Posts Tagged ‘Scottish football’

2009/10 – Game 6 – Girvan vs. Petershill

July 31, 2009

Girvan vs. Petershill

Girvan 2 vs. 2 Petershill

Pre-season Friendly
Saturday 25th July 2009, Kick-Off 2.45pm
Hamilton Park, Girvan

It’s a lovely summer’s day, just the one in amongst the almost constant rain that we’ve been having on the west coast of Scotland. Girvan’s about an hour and a half away on the train from Glasgow, changing at Ayr.

Hamilton Park couldn’t be much closer to the train station. It’s right around the corner and less than two minutes walk.

The kick-off time as advertised on Petershill’s website is 2.30pm, so I’m there in plenty of time. However, as the teams are still out kicking the ball around at that time it’s obvious the advertised time is wrong. Some of the punters around me think it’s a 3 o’clock kick off, but the game actually gets under way just before ten to three.

It’s quite a competitive match with both sides committed in their tackling.

The pie stall has ran out of pies so someone makes a run to Asda to get some more.

Girvan take the lead in 33 minutes when their number 10 rolls the ball in after one of his team-mates has cracked a shot off the crossbar. The Petershill goalkeeper sums up the run of play, “Wan chance the cunts have had and they’ve scored!”

The scores are levelled on 40 minutes when Petershill’s number 10 slots the ball into the far corner.

At half-time the social club bar has run out of vodka and someone has to go out to Asda to get more. “You guys can come back anytime,” he says to a group of elderly Petershill fans.

Girvan vs. Petershill

In 65 minutes Petershill get in front when John McGonnigle gets his head to an inswinging corner.

The referee spends much of the last twenty minutes pulling up a succession of Petershill players. With the match being a friendly there’s an obvious reluctance to get the yellow card out, but the game is stopping every couple of minutes so that another Petershill player can get on the receiving end of a talking to.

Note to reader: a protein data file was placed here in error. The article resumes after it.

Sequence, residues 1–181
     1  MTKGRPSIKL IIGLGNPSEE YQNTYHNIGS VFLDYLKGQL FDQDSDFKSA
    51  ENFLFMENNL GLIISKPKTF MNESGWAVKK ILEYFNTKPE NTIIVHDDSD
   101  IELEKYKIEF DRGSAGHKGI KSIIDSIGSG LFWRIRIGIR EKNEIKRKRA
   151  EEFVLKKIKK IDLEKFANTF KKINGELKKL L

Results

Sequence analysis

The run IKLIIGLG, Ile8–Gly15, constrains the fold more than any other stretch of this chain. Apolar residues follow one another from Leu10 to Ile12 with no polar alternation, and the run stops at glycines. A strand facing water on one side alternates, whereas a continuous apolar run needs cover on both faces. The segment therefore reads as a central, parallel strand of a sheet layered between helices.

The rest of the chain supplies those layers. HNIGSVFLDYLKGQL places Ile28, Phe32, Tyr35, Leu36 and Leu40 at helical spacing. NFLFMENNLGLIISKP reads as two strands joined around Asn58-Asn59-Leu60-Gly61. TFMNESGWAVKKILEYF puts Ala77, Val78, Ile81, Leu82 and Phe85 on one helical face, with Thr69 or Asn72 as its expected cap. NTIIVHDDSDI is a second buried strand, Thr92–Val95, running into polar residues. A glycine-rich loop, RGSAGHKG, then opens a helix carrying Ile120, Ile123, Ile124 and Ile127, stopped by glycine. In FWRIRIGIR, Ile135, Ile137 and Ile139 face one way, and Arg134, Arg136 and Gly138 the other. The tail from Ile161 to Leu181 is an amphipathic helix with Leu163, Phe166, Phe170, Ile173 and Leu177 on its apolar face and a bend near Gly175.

Girvan equalise in 76 minutes when their number 6 fires in a beautiful free-kick that goes in off the post.

The home team get the chance to win it with two minutes left when the Petershill keeper pulls down the Girvan no 16 as he goes round him. The Girvan player/manager who has just come on as a sub steps up to take the kick. It’s poor and the keeper makes the save.

Petershill supporters

That’s the last action from an entertaining game. A warm day and four goals makes the trip worthwhile.

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Game Forty-One – Pollok vs. Clydebank

April 21, 2009

Pollok vs. Clydebank

Pollok 2 vs. 3 Clydebank

Citylink Scottish Junior Cup Semi-Final First Leg
Saturday 18th April 2009, Kick-Off 2.30pm
Newlandsfield Park, Glasgow

One of the best games of the season for my money. A gorgeous day, a healthy crowd and a match played in proper cup-tie spirit.

On the approach to the ground after I leave Pollokshaws East train station there’s a vendor selling Pollok and Clydebank scarves and flags. There’s one at the corner of the ground too. I say ‘Pollok and Clydebank’ really they’re just black and white, and red and white flags and scarves. Talk about opportunism.